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Music industry will take copyright battle to Europe

Damning the evidence

Internet Security Threat Report 2014

The recording industry's continuing bid to exploit works for an extra 45 years should be disregarded by government as not in the public interest.

That's according to Andrew Gowers, who delivered a wide-ranging review of intellectual property rights in the UK to the Treasury yesterday. The government accepted the recommendations of the review in the Pre-Budget Report.

Record industry trade body the BPI vowed to send lobbyists to Brussels to push for the extension when the European Commission reviews the relevant directive next year.

Gowers told The Register: "They [the EU] will surely be descended upon by the lobbyists in the coming months."

But the former journalist was confident in his findings on copyright term, which is among the first government-instigated examinations of the issue in the EU. He said: "I'm sure it will be read with particular interest in Europe."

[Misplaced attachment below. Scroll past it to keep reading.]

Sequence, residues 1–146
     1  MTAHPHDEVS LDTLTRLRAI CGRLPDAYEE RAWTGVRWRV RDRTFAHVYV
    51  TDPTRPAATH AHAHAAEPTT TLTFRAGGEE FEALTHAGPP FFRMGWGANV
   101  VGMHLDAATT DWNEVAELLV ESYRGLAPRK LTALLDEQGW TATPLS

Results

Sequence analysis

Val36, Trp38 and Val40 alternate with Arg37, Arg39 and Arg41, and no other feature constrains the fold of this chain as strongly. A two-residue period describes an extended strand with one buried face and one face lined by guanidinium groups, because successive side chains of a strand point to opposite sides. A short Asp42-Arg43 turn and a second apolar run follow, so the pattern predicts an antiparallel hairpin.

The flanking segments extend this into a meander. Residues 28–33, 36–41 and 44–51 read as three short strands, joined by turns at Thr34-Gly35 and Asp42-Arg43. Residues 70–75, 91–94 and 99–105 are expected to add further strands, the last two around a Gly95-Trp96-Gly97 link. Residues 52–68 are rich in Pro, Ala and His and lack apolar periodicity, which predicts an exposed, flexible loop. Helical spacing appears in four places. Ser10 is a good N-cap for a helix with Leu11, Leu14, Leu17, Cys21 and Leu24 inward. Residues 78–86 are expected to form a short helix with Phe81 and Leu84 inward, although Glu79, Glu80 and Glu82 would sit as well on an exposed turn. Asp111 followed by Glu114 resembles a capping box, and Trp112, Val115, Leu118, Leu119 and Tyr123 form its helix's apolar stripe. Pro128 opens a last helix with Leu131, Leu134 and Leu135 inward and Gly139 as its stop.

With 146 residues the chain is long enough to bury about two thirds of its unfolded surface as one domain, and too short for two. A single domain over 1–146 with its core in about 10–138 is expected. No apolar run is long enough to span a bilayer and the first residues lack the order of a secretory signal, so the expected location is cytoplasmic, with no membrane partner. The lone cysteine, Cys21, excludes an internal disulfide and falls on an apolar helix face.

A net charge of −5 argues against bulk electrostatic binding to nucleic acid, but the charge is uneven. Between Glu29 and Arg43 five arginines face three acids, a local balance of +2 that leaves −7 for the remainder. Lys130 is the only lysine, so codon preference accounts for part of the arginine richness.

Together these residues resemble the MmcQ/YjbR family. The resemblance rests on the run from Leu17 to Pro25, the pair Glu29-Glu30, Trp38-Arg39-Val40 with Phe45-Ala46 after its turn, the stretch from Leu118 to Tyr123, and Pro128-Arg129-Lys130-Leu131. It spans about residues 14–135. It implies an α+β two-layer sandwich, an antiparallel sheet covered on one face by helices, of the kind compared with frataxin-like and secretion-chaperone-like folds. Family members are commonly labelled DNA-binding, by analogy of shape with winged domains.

The British music industry is healthier than its American counterpart, Gowers said, and any European moves to bow to pressure and ignore his evidence-based assessment would be "politics getting in the way".

BPI chairman Peter Jamieson accused the review of setting out to make the case against extension from the start. He said: "Gowers commissioned Cambridge economic research to argue the case against term extension."

The review employed Cambridge University's Centre for Intellectual Property and Information Law to perform "an independent assessment of the economic evidence".

A record company whip-round paid for a full page advertisement in the Financial Times today to continue the battle. It calls for term extension under the heading "fair play for musicians". Gowers said his analysis had found the benefactors of an extension would mostly be "major record labels and their shareholders". ®

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